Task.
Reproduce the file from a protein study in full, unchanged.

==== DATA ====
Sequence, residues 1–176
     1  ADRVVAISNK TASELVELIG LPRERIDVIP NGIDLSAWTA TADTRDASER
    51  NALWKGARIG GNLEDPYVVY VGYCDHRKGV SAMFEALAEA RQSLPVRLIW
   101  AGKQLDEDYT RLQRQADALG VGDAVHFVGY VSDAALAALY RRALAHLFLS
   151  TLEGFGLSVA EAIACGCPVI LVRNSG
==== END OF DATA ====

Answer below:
Sequence, residues 1–176
     1  ADRVVAISNK TASELVELIG LPRERIDVIP NGIDLSAWTA TADTRDASER
    51  NALWKGARIG GNLEDPYVVY VGYCDHRKGV SAMFEALAEA RQSLPVRLIW
   101  AGKQLDEDYT RLQRQADALG VGDAVHFVGY VSDAALAALY RRALAHLFLS
   151  TLEGFGLSVA EAIACGCPVI LVRNSG